One trait that Romeo, Juliet, and Friar Lawrence all have in common is that they are all romantics. They want to end the feud that plagues Verona. They all believe in true love, and want the world to be a better place.
Romeo clearly does not support the feud. When he sees the aftermath of the duel in Act 1, he is saddened.
O me! What fray was here?
Yet tell me not, for I have heard it all.
Here's much to do with hate, but more with love. (Act 1, Scene 1, p. 16)
Romeo and Juliet are the young lovers at the center of the story, but Friar Lawrence plays a pivotal role. He agrees to marry them, because he hopes it will end the feud.
It underscores Romeo’s romantic nature that he is concerned about the duels. Most people seem to just accept it, are heartily take part in it.
While Juliet is also at the heart of the feud, she throws off her hatred readily enough when she meets Romeo. She really does not care that he is a member of the family her family is warring.
My only love, sprung from my only hate!
Too early seen unknown, and known too late!
Prodigious birth of love it is to me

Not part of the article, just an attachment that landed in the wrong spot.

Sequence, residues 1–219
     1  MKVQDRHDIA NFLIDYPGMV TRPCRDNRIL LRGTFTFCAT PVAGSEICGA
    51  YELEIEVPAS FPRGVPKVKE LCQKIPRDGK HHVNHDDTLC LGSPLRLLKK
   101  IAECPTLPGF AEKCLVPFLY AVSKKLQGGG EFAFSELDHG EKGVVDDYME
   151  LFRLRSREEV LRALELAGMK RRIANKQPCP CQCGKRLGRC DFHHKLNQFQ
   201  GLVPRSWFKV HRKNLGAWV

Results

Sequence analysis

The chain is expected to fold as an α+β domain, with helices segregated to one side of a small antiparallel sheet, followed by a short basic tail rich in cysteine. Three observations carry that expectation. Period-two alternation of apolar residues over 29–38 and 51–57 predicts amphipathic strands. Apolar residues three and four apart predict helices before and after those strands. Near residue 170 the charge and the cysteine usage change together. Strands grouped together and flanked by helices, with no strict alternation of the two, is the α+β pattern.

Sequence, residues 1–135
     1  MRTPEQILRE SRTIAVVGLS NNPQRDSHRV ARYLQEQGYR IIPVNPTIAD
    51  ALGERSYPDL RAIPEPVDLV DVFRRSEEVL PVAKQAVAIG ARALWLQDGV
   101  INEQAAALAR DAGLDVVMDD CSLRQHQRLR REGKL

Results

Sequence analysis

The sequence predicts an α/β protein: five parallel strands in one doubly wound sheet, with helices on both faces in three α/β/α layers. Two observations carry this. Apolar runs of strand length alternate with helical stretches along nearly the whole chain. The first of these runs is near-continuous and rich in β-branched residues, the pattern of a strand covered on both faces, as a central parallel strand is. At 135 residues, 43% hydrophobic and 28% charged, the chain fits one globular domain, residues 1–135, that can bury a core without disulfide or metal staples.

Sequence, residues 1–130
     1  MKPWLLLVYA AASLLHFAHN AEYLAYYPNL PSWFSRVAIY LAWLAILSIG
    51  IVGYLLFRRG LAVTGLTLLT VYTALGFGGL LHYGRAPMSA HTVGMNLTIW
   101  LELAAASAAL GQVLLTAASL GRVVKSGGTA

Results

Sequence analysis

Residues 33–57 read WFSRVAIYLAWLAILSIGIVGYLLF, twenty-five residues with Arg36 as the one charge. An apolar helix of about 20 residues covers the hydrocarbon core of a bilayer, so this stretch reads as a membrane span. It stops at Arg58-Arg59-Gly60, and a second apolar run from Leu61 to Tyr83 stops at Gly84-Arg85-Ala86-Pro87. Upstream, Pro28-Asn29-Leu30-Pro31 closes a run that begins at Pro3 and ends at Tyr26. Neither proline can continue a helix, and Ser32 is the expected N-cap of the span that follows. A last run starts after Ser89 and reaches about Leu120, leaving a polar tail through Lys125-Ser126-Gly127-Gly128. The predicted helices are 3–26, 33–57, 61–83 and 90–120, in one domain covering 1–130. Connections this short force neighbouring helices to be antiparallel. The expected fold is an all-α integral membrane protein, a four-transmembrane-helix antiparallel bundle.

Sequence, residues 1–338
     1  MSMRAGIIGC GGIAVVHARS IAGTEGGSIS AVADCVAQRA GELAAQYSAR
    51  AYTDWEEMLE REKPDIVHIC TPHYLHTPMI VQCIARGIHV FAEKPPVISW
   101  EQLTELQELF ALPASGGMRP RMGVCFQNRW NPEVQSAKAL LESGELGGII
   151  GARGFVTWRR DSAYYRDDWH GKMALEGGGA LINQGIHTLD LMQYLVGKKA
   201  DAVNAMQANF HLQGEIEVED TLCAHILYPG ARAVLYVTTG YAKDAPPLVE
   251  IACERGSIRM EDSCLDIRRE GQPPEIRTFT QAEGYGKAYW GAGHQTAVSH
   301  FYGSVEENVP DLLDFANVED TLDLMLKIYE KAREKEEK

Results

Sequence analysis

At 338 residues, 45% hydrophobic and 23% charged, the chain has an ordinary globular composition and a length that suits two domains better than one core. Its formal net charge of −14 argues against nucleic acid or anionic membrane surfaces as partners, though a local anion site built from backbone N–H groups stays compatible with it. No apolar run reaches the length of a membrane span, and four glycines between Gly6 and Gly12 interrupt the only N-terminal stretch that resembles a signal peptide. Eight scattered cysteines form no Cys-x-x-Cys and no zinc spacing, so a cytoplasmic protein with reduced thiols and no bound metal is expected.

That I must love a loathed enemy.(150) (Act 1, Scene 5, p. 34)
Juliet eventually decides that a name does not matter, because she loves Romeo. She wants to marry him anyway. She wishes the feud would end.
Obviously, the fates of these three are closely intertwined, and Romeo and Juliet are not the only romantics.
In one respect I'll thy assistant be;
For this alliance may so happy prove
To turn your households’ rancour to pure love.(95) (Act 2, Scene 3, p. 47)
As Romeo’s advisor, Friar Lawrence also serves to advise Juliet. When Romeo is banished, she comes to him to find a way to avoid marrying Paris. He gives her a potion to fake her death. He has no idea it will end up starting a chain of events that ends in both lovers’ suicides. However, the feud does end.